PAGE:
Russian billionaire Roman Abramovich still holds the crown for the most expensive corporate gift.
The story goes that he gave his $90 million mega yacht Le Grand Bleu (pictured) to Eugene Shvidler, a fellow Russian oil businessman and friend.
For the most part, corporate gifts rarely reach these dizzy heights of extravagance. Typically, boardroom gift-giving extends to items like luxury watches, cigars and even cars.
There are reports that business leaders in the Middle East have received luxury chocolates, in particular the world’s most expensive truffle, which can be found in Dubai, retailing at Dhs 1,000 per piece.
Around the UAE National Day, luxury pen manufacturers even advertise a Dhs150,000 pen specifically as a corporate gift.
There is, however, a lot of etiquette around the type of gifts that can be given in the region. Chocolates, dates and flowers are often appropriate, but obviously alcohol is a serious no-no.
Samara Punjabi, franchise owner and buyer at luxury shoe firm Manolo Blahnik, said: “A pair of Manolos was recently given as a corporate gift to the delighted wives of a 12-man expat management team.
For women, a lovely pair of Manolos will always be the safest bet.”
She adds: “In a Muslim region, there are certain customs that must be observed in gift-giving.”
Art is increasingly given as a more considered present.
Dubai’s XVA Gallery has seen artwork given as a corporate gift. Meagan Horsman, director of the gallery, said: “Prints and photographs are especially desirable as they are less expensive than other mediums (generally speaking) and can be purchased in editions, making a large number of gifts more affordable.”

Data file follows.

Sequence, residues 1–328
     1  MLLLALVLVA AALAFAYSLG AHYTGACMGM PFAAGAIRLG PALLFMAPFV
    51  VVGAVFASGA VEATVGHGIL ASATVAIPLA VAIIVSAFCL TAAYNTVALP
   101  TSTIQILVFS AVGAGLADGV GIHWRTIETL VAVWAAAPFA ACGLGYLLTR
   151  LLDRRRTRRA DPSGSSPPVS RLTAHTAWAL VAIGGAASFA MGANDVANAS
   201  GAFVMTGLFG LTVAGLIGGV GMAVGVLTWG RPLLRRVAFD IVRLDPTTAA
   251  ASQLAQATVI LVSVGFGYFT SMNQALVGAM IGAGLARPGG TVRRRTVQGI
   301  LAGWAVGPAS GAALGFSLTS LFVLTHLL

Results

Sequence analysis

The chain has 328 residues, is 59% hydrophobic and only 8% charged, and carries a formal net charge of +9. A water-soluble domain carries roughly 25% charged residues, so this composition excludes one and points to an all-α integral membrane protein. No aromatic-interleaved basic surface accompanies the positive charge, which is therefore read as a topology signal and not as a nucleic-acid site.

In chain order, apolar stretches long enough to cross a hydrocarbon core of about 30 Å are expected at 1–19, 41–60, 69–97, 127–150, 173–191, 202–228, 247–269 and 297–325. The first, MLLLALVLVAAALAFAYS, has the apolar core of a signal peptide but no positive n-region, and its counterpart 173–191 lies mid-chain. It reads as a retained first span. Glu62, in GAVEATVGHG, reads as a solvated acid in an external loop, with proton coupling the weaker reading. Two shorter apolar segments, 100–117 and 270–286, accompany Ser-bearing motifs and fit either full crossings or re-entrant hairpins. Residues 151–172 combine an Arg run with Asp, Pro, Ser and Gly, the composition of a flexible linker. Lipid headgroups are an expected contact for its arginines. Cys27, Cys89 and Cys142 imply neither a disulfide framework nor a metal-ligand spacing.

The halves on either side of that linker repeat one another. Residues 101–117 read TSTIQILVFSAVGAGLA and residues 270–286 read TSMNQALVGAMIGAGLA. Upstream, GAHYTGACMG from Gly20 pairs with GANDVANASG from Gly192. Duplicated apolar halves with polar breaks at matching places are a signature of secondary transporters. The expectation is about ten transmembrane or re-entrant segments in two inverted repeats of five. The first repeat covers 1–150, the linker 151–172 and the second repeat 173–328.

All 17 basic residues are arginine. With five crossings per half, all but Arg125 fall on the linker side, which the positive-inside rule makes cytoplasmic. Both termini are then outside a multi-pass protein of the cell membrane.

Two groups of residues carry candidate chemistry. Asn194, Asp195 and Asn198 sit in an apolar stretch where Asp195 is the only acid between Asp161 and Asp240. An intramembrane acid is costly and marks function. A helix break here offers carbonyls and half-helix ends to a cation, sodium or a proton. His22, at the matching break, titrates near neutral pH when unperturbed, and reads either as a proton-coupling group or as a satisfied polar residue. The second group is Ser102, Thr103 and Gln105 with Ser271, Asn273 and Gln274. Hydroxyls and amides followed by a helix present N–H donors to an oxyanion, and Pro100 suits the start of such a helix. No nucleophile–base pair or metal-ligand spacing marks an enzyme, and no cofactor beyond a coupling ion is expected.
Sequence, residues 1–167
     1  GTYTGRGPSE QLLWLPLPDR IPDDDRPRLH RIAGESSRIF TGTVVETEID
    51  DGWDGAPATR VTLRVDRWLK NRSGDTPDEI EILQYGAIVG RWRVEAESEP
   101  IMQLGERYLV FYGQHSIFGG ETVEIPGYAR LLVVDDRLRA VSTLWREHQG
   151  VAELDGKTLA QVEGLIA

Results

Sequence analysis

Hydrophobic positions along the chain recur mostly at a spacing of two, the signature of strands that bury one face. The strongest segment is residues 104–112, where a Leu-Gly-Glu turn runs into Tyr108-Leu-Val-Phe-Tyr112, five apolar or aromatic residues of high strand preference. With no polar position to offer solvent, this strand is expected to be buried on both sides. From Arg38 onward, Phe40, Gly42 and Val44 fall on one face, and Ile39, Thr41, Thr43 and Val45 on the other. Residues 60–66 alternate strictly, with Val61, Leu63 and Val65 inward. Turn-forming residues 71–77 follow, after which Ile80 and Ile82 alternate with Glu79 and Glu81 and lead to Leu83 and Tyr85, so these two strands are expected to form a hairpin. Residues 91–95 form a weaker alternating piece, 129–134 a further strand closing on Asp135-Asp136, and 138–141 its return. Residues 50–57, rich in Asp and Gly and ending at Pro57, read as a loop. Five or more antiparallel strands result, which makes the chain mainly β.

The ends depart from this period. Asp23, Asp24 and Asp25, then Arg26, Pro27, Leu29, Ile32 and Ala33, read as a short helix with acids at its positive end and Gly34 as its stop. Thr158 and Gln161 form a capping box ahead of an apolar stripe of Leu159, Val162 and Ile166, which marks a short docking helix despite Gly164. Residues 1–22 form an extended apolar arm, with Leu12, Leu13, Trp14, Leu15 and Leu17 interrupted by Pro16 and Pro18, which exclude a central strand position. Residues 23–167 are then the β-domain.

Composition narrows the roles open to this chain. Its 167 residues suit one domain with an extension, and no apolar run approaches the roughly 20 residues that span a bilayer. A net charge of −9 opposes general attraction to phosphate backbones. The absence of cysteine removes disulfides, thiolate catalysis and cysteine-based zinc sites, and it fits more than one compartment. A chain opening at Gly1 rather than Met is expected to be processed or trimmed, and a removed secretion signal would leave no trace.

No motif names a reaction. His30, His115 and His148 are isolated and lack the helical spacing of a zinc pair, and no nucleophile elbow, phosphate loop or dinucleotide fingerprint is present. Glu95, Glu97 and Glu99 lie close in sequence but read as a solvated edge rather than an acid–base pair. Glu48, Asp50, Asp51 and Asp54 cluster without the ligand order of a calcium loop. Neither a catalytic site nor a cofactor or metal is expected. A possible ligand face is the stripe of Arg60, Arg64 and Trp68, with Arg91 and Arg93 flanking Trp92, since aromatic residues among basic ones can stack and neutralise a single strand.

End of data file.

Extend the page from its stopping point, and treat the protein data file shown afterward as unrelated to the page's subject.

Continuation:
Luxury experts say that in general corporate gifting in the region is less concerned with the price of the gift than to whom it is given and the brand reputation.
Gifts for party or dinner hosts, for instance, may easily run into the $3000 range and higher, with lesser priced items connoting disrespect to the host. Crystal and silver items are appropriate in such circumstances.
The financial crisis put a stop to the overly ostentatious gifts bankers received in Western markets, but no such worries have really concerned corporate leaders in the GCC.
The Arab world has always been renowned for its hospitality, something that will guarantee a healthy future growth for corporate gifting.
Gifting in the boardroom says a lot about your business credentials, so it’s no surprise that eco-friendly presents are on the rise. It’s unlikely to clinch a deal, but it can seriously boost a company’s corporate social responsibility credentials.
Earlier this year, marketing firm BrandMoxie launched an environmentally-friendly range. The BrandSouq Eco Gifts catalogue contains products all made from renewable or recycled materials.
The e-catalogue features a collection of gifts sourced from materials such as chrome-free leather, tea wood, bamboo, recycled newspaper and renewable plastic. Gifts range from office supplies to travel goods to outdoor products.
Sana Bagersh, CEO of BrandMoxie and BrandSouq, said: “We want to show that products made from renewable and recycled materials can be smart and stylish, and maintain the high quality that companies are looking for when purchasing corporate gifts.”